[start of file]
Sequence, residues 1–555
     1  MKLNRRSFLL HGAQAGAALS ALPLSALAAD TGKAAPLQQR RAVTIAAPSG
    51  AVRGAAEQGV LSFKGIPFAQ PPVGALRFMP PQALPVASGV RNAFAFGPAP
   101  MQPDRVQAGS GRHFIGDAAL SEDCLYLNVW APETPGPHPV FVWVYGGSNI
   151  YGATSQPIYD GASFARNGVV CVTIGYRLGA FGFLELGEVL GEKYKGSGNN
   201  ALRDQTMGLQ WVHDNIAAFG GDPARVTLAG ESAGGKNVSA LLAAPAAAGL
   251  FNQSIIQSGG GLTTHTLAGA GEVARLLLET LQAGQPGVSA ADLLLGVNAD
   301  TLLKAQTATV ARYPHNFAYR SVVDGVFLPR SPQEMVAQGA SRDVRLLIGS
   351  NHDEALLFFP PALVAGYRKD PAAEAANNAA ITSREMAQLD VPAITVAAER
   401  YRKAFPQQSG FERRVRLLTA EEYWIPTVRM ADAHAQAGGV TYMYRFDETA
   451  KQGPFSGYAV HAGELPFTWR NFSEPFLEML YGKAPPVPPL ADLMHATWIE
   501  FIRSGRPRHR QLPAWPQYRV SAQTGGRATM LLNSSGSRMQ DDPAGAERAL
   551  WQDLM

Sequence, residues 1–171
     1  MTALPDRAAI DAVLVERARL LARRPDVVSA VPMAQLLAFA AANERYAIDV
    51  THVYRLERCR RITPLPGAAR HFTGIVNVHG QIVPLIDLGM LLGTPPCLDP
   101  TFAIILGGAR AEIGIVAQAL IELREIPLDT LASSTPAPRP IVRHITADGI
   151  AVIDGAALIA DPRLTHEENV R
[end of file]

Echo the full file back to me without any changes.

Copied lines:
Sequence, residues 1–555
     1  MKLNRRSFLL HGAQAGAALS ALPLSALAAD TGKAAPLQQR RAVTIAAPSG
    51  AVRGAAEQGV LSFKGIPFAQ PPVGALRFMP PQALPVASGV RNAFAFGPAP
   101  MQPDRVQAGS GRHFIGDAAL SEDCLYLNVW APETPGPHPV FVWVYGGSNI
   151  YGATSQPIYD GASFARNGVV CVTIGYRLGA FGFLELGEVL GEKYKGSGNN
   201  ALRDQTMGLQ WVHDNIAAFG GDPARVTLAG ESAGGKNVSA LLAAPAAAGL
   251  FNQSIIQSGG GLTTHTLAGA GEVARLLLET LQAGQPGVSA ADLLLGVNAD
   301  TLLKAQTATV ARYPHNFAYR SVVDGVFLPR SPQEMVAQGA SRDVRLLIGS
   351  NHDEALLFFP PALVAGYRKD PAAEAANNAA ITSREMAQLD VPAITVAAER
   401  YRKAFPQQSG FERRVRLLTA EEYWIPTVRM ADAHAQAGGV TYMYRFDETA
   451  KQGPFSGYAV HAGELPFTWR NFSEPFLEML YGKAPPVPPL ADLMHATWIE
   501  FIRSGRPRHR QLPAWPQYRV SAQTGGRATM LLNSSGSRMQ DDPAGAERAL
   551  WQDLM

Sequence, residues 1–171
     1  MTALPDRAAI DAVLVERARL LARRPDVVSA VPMAQLLAFA AANERYAIDV
    51  THVYRLERCR RITPLPGAAR HFTGIVNVHG QIVPLIDLGM LLGTPPCLDP
   101  TFAIILGGAR AEIGIVAQAL IELREIPLDT LASSTPAPRP IVRHITADGI
   151  AVIDGAALIA DPRLTHEENV R